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[engadget] RIAA finds its soul, will stop suing individuals downloading music - Page 3

post #21 of 60
Quote:
Originally Posted by stargate125645 View Post
Proof?
Well I think the fact that they send out lawsuit notices to grandmothers with no pc's, dead people, and HP printers pretty much speaks for itself.
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post #22 of 60
Quote:
Originally Posted by JoeUbi View Post
Peer Guardian is completely useless. It doesn't do anything but block IPs, which in essence does nothing.
Doesn't it block the IP's of those who are unethically spying on you?

Quote:
Originally Posted by logo199 View Post
dude...please don't hide the right to pirate behind the right to privacy... please, its insulting to waste our rights on such things.
Actually I disagree entirely.

The underground economy has always hidden behind privacy rights. And when Copyright holder's are not offering competitive prices and instead price gouging, the corrective action of the underground economy is well deserved as a counter balance.

Would you let the FBI stand behind you as you use your computer because you MIGHT burn a CD from your friends CD?

Oh I get it, because the agent isn't physically there, its a reasonable breech of privacy right? Bull. Absolute Bull. Spying on my connection should require no less than a search warrant.

Quote:
Originally Posted by Twinnuke View Post
Actually Privacy isn't a right. We don't have the right to privacy anywhere in the constitution or anything.
That is completely untrue.

The right of the people to be secure in their persons, houses, papers, and effects, against unreasonable searches and seizures, shall not be violated, and no Warrants shall issue but upon probable cause, supported by Oath or affirmation and particularly describing the place to be searched and the persons or things to be seized.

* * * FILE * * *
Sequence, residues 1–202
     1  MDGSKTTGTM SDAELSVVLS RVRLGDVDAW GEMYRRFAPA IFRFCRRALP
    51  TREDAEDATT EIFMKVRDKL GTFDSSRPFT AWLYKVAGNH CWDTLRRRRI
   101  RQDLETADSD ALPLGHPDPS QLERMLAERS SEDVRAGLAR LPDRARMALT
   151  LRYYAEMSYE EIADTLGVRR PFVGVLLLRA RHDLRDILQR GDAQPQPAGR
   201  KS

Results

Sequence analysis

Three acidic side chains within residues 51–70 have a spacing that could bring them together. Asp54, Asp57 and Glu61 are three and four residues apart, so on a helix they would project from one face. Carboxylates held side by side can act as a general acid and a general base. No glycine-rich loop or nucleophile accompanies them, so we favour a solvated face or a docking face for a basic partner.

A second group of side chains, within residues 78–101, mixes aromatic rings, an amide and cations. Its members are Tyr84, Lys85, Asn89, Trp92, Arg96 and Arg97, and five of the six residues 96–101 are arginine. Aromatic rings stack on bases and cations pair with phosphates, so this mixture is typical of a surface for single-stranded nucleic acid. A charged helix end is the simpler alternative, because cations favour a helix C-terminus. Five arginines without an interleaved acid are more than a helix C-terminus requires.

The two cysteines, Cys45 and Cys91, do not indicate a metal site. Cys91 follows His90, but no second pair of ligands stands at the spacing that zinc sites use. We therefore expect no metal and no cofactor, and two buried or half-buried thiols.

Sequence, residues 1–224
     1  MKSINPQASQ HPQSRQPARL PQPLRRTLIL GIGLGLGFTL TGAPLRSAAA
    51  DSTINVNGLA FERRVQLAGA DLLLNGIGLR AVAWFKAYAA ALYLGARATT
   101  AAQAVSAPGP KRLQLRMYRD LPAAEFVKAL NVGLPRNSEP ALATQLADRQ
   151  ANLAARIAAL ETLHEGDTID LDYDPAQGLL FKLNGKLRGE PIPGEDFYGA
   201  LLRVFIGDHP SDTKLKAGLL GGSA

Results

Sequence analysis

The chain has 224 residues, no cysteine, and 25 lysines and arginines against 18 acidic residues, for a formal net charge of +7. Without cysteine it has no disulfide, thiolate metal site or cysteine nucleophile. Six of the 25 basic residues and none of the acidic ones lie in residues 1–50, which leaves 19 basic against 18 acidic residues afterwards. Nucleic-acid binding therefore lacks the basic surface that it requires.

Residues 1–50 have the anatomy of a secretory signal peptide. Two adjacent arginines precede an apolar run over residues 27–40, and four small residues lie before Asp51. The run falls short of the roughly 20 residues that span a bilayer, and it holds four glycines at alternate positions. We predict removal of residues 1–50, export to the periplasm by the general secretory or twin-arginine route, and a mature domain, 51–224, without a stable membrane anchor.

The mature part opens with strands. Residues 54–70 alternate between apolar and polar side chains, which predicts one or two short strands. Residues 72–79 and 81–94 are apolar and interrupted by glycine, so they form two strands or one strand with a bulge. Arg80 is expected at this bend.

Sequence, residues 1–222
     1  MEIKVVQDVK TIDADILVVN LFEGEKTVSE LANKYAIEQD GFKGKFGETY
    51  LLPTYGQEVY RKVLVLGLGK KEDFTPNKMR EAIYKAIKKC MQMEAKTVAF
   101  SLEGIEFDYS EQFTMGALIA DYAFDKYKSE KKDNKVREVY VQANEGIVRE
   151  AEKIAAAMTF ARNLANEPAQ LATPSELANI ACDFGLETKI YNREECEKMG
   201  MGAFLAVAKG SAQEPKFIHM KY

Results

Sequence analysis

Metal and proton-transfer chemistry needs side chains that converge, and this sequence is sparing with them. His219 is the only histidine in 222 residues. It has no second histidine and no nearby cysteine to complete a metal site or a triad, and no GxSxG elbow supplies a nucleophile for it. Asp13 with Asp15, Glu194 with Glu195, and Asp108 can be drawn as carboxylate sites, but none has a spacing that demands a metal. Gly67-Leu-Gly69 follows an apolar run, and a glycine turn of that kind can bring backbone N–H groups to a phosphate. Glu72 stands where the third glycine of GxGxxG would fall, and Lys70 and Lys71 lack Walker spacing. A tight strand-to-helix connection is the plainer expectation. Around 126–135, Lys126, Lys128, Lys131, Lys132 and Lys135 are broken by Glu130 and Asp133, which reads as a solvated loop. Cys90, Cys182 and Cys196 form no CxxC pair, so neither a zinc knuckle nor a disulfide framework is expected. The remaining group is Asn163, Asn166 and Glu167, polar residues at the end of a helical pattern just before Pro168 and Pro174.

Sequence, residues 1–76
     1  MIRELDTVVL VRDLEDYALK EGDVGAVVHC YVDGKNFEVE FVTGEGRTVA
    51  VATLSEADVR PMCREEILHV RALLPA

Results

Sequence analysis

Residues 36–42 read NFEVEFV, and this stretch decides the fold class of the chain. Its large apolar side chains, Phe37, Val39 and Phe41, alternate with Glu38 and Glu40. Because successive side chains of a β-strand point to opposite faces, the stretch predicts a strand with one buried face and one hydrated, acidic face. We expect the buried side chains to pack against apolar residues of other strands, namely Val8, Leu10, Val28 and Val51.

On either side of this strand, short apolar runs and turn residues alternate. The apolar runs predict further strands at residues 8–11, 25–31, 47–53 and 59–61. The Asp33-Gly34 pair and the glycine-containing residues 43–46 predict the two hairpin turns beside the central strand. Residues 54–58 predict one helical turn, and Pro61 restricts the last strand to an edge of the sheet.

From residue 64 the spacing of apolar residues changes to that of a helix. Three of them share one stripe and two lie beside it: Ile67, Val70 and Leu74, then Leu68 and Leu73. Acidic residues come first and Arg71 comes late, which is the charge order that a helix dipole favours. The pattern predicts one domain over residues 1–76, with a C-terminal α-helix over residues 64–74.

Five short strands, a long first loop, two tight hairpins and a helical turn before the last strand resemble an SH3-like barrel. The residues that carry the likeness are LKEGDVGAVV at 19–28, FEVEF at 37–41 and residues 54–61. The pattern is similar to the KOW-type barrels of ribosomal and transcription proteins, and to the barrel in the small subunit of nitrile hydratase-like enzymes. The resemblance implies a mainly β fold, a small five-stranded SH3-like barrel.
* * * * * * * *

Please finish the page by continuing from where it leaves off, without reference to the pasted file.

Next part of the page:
—U.S. Constitution, Amendment IV
Edited by WhiteCrane - 12/19/08 at 8:09am
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post #23 of 60
Damn... I hope Cox isn't one of those ISPs.
    
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post #24 of 60
They haven't found their soul, they're just trying to get off the hook for all the dumb things they've done in the past five years. Don't let them sway you!

Maybe the day will come where ISP's are advertising that the RIAA can't monitor them... They'd have my money.
post #25 of 60
ughs... it would be really embarrassing if my ISP told my dad there had been a bunch of bandwidth relating to my empornium torrents.
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post #26 of 60
Quote:
Originally Posted by WhiteCrane View Post
Peer Guardian 2 anyone?

There must be some way for uploaders to mask their data from the ISP. Or perhaps a return of privacy rights blocking ISP's from spying on us.
Yeah, because if you are contacted by your ISP and told you have been uploading/downloading copyrighted content, that means they have been looking at what you are uploading and downloading, which is a serious invasion of privacy.

Also, I download a lot of games. Now hold on before you get your panties in a bunch.

I already own the games that I am downloading. I purchase them on steam, get the CD key, and then download the disc images of the retail version of the game and install them with the CD key that I legally own.

I hate steam, but this is the only way I can get the games quickly without leaving my seat.
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post #27 of 60
Quote:
Originally Posted by redsunx View Post
Keep this in mind at all times, thank you.
yup, pretty important to not getting caught.
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post #28 of 60
Quote:
...contact the customer with a notice that would ultimately be followed by a reduction or cessation of service
Haha, yeah right. So the ISPs would rather work with the RIAA and reduce piracy than take your money??? What a fairy tale. I don't think that anybody has anything to worry about.
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post #29 of 60
This sounds more effective than going around suing a bunch of 9 year-olds.

Quote:
Originally Posted by Twinnuke View Post
Actually Privacy isn't a right. We don't have the right to privacy anywhere in the constitution or anything.
It is. If you take a political science class, you learn that the courts find an "implied right to privacy" in the 1st, 5-8th Amendments.
post #30 of 60
This seems like a better solution, and one they might gain ground on piracy with.
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Overclock.net › Forums › Industry News › Software News › [engadget] RIAA finds its soul, will stop suing individuals downloading music